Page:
8.The sofa is only 13 inches high, in the seat 5½ [inches], and above (in its upper frame) 7 to 7½ feet long.  It receives on each narrow side an end piece, fig. XIX, e c and g c.  It is always upholstered and in the end pieces lays a cushion.

9.Fashion has finally brought in a new kind of sofa that is called an Ottoman.  They don’t differ too much from the sofa except that the end pieces are rounded in their width to the outside and hollow in the inside.  From these examples the manufacture of certain chairs should now be understood thoroughly, making the work of the chairmaker more comprehensible.

We want to first pause at a side chair without a caned back and cross on the underframe.  From this, the making of the rest of the chairs is self evident.  Similar parts in all of the chairs in this workshop have one and the same name, and in the main are manufactured with the same techniques.  It is necessary, however, to know in advance the names of every part of the chair in the chairmaker’s workshop, because these are not known in everyday life.  They seem to come from the low German and low Saxony languages because the local chairmakers were transplanted from these regions to Berlin.  By an elaboration of the letters of each illustration the reader can determine every part in fig. XVII, XVIII, and XVIX, because as already mentioned the similar parts have one and the same names for all of the chairs.  Each hind foot, d & f and i & h, makes one single piece with the outer part of the back, e & d and g & l, and these are called the rear stiles (Hinter Stapfen) e & f and g & h.  Both rear stiles are joined together by three nails, namely through the crest rail (Kopfstück — “head piece”), e & g, the shoe rail (Unterkrunpf), i & k, and the rear rail (Hinter-riegel) d & l.  Into the crest rail and shoe rail the back splat (Stahnstück) is mortised.  The “underchair” is understood by the chairmaker as all the parts below the seat of the chair.  In earlier times it had cross stretchers a few inches above the ends of the feet, p, f, h, and q, that were either turned on latin S-shaped wooden pieces.  In contrast, the feet of chairs in the current fashion are free and only fastened under the seat.  Three rails are involved in this manner of construction, namely the front rail, m & n, and both side rails, n & o,and m & d.  These rails are mortised into the front feet or front legs, m & p and n & q.  These, and also the front rail, the chairmaker calls the front frame (Vorderfach).  Lastly, the seat is likewise composed of four rails, namely the front rail, m & n, the rear rail, d & l, and the two siderails, d & m and l & n.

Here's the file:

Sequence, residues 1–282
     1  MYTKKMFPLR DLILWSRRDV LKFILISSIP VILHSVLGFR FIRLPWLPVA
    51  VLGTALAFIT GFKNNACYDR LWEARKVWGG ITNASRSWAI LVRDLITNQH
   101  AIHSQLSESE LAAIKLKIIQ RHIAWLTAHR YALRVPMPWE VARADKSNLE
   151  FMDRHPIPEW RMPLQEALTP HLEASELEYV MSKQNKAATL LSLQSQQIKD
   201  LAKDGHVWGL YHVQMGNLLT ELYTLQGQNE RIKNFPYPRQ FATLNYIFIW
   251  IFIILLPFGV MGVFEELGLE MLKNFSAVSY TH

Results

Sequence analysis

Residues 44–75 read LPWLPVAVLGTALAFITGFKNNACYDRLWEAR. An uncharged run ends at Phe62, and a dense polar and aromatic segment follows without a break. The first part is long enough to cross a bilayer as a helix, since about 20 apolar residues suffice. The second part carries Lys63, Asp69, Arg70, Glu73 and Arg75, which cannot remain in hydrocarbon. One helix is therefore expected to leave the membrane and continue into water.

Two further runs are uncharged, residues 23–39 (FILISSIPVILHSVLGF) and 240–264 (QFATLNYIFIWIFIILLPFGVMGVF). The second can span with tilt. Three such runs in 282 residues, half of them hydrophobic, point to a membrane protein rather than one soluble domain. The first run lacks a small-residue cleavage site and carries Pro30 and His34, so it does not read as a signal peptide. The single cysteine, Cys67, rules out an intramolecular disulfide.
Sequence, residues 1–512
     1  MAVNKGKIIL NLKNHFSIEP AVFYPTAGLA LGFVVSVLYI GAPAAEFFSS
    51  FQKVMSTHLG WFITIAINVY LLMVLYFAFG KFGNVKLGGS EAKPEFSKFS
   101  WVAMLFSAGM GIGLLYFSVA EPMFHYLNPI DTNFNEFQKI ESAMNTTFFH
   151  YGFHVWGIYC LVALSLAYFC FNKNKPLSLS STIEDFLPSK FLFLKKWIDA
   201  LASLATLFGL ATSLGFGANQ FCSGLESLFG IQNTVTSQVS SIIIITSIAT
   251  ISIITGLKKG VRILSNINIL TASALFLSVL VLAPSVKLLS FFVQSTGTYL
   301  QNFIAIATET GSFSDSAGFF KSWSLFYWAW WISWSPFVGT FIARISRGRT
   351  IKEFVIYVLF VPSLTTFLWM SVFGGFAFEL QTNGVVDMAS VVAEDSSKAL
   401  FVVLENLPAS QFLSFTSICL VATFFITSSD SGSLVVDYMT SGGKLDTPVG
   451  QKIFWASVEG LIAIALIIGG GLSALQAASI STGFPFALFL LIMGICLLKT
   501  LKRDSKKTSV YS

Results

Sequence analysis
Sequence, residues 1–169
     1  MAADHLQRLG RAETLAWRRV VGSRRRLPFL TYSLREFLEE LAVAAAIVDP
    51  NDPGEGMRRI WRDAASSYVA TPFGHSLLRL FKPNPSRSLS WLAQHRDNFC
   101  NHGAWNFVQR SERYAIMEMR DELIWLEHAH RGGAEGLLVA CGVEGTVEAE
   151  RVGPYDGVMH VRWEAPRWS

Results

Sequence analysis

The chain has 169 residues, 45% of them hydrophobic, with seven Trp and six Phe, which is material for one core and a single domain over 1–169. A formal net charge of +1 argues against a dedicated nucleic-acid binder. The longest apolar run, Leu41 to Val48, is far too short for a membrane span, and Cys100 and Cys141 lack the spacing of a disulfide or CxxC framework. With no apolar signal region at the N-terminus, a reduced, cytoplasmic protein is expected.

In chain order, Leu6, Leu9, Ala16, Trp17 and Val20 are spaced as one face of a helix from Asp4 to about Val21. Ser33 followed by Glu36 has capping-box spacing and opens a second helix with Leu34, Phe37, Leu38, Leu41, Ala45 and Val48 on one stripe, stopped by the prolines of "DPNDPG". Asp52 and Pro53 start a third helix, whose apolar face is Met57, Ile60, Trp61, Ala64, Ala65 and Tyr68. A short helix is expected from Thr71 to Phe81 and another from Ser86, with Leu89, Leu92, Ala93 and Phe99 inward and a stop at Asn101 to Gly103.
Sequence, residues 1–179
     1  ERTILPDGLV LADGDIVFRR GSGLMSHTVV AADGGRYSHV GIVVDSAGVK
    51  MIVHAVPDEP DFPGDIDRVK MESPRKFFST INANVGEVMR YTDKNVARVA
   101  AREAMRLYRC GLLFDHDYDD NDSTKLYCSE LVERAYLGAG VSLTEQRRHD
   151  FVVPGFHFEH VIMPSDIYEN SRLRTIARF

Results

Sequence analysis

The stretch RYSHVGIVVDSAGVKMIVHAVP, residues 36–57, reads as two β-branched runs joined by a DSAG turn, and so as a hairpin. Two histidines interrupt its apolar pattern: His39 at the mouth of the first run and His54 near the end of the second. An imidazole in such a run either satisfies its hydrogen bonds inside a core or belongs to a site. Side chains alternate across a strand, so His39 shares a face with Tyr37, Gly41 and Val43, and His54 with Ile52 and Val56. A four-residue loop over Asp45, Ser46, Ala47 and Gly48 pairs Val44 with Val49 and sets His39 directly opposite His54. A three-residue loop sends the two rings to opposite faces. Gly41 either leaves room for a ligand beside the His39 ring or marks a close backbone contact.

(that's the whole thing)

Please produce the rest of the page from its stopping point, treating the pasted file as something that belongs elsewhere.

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4 Responses to Treatise by Sprengel – Part 3

  1. Harlan Barnhart says:

    I would find this blog more engaging if it included more content from the shop. It doesn’t have to be something complicated, I could learn a lot by seeing even the ordinary things.
    Harlan Barnhart

    • So would we!!!! We’ve had a particularly busy Spring and early Summer and have yet to get into the habit of keeping up with the blog in the way you’ve suggested (which is precisely what we intend to do with this medium). Thanks for the comment and please stick with us!

  2. Kathleen Grant says:

    Pictures please???

    • Unfortunately this is the only illustration that Sprengel gives for the Chairmaker chapter. It would be great if he had illustrated each step.
      His treatise is wonderfully informative. He addresses some things in excruciating detail and just surveys others, but there are a lot of gems in the text.